By Ben Garcia
KUWAIT: Confusion overshadowed the Philippine labor deployment ban to Kuwait when visiting Philippine Special Envoy to the Middle East Abdullah Mamao announced late Sunday during a Filipino community meeting that Senator Bong Go has agreed to implement a temporary ban instead of a total deployment ban. “I have been in constant communication with the office of the president through Senator Bong Go; he advised me that as far as the earlier decision (to implement a total ban) is concerned, it has now changed to a temporary ban.
Skilled and semi-skilled workers can now be deployed to Kuwait. I am waiting for the final announcement of this new development from the office of the president, as we are not pursuing the ban for skilled and unskilled workers, including professionals. I hope there will be changes because I relayed this information to Kuwait,” Mamao told several Filipino community leaders at the embassy.
However, in an interview on government radio in Manila, Philippines Department of Labor and Employment (DOLE) Secretary Silvestre Bello III said he is not in favor of a temporary ban since the implementation of the total ban was based on the autopsy of the gruesome murder of Filipina housemaid Jeanelyn Villavende.
“I spoke to Secretary Mamao and told him about my decision with regards to our earlier resolution by the governing board of the Philippines Overseas Employment Administration (POEA) that we implemented on January 15. It was a total deployment ban and it will stay. It covers all workers, including skilled, semi-skilled and professionals. No more deployment – we are only allowing returning skilled workers and professionals to go back to Kuwait if they are vacationing here. They can go back to their workplaces, but we won’t allow domestic helpers to return, including semi-skilled workers,” he said.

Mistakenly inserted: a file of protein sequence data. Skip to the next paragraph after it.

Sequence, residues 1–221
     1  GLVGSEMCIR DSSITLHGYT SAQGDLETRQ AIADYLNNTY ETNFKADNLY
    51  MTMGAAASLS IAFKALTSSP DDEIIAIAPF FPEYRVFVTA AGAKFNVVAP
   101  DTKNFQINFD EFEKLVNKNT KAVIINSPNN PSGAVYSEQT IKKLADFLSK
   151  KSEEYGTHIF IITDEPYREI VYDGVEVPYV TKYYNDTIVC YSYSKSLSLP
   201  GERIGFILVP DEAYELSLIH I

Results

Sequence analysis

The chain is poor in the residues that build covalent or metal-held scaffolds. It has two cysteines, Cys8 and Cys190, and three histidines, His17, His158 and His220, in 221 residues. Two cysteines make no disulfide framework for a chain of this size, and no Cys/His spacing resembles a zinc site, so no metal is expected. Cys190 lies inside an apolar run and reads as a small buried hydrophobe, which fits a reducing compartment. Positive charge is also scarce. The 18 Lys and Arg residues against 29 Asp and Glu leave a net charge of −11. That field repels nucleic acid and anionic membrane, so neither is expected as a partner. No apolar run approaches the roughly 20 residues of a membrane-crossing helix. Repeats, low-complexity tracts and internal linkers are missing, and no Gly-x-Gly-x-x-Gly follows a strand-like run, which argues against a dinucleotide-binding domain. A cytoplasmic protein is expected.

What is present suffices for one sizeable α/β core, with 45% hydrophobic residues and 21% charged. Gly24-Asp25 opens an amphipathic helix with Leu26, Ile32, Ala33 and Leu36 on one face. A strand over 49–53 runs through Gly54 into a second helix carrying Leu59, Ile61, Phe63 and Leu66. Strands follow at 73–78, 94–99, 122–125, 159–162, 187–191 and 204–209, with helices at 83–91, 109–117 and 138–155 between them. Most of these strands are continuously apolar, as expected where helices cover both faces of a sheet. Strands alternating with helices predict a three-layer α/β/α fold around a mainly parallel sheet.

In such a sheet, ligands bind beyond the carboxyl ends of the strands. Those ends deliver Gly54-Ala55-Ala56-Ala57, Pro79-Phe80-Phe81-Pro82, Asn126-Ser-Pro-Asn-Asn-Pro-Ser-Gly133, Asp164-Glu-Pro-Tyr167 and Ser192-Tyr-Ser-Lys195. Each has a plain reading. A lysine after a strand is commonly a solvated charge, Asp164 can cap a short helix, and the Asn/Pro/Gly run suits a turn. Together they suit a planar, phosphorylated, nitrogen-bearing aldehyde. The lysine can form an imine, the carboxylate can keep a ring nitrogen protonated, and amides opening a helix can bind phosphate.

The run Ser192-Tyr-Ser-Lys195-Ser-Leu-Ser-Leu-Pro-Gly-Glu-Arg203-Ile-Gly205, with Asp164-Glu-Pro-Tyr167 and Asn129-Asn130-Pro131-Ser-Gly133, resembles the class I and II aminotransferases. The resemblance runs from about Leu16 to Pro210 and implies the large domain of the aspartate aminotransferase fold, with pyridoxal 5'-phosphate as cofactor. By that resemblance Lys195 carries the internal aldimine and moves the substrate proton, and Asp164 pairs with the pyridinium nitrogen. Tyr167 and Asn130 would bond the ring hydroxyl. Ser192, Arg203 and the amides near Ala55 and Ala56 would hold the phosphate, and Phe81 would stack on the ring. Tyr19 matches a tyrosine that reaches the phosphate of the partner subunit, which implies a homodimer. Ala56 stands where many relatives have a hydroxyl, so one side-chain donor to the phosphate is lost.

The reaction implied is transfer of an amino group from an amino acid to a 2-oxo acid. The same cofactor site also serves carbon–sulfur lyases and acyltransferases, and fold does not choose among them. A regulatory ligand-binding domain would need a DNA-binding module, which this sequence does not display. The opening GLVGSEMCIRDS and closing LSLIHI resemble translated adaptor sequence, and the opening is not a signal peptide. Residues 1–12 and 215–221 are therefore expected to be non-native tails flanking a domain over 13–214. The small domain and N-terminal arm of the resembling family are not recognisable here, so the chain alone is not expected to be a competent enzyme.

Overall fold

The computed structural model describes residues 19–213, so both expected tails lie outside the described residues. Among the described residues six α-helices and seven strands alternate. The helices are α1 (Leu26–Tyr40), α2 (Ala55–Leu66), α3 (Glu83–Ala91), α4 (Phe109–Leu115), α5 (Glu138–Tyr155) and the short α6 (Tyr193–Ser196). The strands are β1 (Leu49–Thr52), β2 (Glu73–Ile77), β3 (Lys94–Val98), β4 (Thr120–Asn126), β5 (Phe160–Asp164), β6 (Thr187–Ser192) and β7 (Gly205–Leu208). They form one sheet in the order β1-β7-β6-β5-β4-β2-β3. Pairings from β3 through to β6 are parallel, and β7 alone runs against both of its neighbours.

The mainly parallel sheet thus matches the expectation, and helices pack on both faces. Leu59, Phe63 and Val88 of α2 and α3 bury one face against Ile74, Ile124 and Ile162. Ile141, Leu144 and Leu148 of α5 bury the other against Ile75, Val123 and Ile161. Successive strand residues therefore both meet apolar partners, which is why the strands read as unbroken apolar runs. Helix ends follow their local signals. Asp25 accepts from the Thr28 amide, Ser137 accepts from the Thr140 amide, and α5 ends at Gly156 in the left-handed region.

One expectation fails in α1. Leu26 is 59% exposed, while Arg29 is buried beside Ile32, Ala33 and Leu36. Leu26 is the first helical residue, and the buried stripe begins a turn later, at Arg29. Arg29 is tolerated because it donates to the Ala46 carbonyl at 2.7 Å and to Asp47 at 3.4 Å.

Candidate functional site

Bello was asked if he had spoken to Mamao regarding his announcement in Kuwait late Sunday. “Yes, I spoke to him and explained to him why the total ban was implemented. He told me that the total ban should be implemented only for domestic helpers. But I replied that we should study his proposal first, because the total deployment ban was a result of a gruesome murder of our fellow countrywoman in Kuwait and the alleged cover-up done in the autopsy of the body of Jeanelyn Villavende. It wasn’t the real result, as shown in the autopsy of the body by our National Bureau of Investigation,” Bello argued.
“Thirdly, the president in 2018 had declared a total deployment ban to Kuwait because of the death of Joana Demafeles (whose body was found in the freezer of her employer). It was only lifted when the Kuwaiti government agreed to sign a memorandum of agreement with the Philippine government.
In that agreement, we specifically cited that we should have our own standard employment contract to be signed by the employers, our workers and the foreign recruitment agency including the Philippine employment agency. Till now it is not being implemented, among others. So that we can be assured of the welfare of our countrymen, we have to agree on that and implement it once and for all. I told Secretary Mamao that I am ready to talk to them so we can give total protection to our workers,” Bello said.
On Jan 15, DOLE together with POEA decided to impose a total ban on the deployment of newly-hired workers to Kuwait, including domestic helpers and skilled and unskilled laborers. However, returning skilled workers and professionals are exempted from the ban, but domestic helpers and semi-skilled workers who are on vacation will not be allowed to return to their sponsors. Manila had implemented a partial ban on domestic helpers bound to Kuwait on Jan 3 as its immediate response to the killing of Villavende by her sponsor.
The killing of Villavende is the latest in a series of abuses faced by Filipino workers in the Middle East, the main destination for about 3,000 Filipinos who leave the country daily on temporary foreign work permits. Women tend to work as domestic workers while men are mostly employed in construction and other sectors. Around 10 million Filipinos are migrant workers overseas and their remittances account for more than 10 percent of the country’s GDP.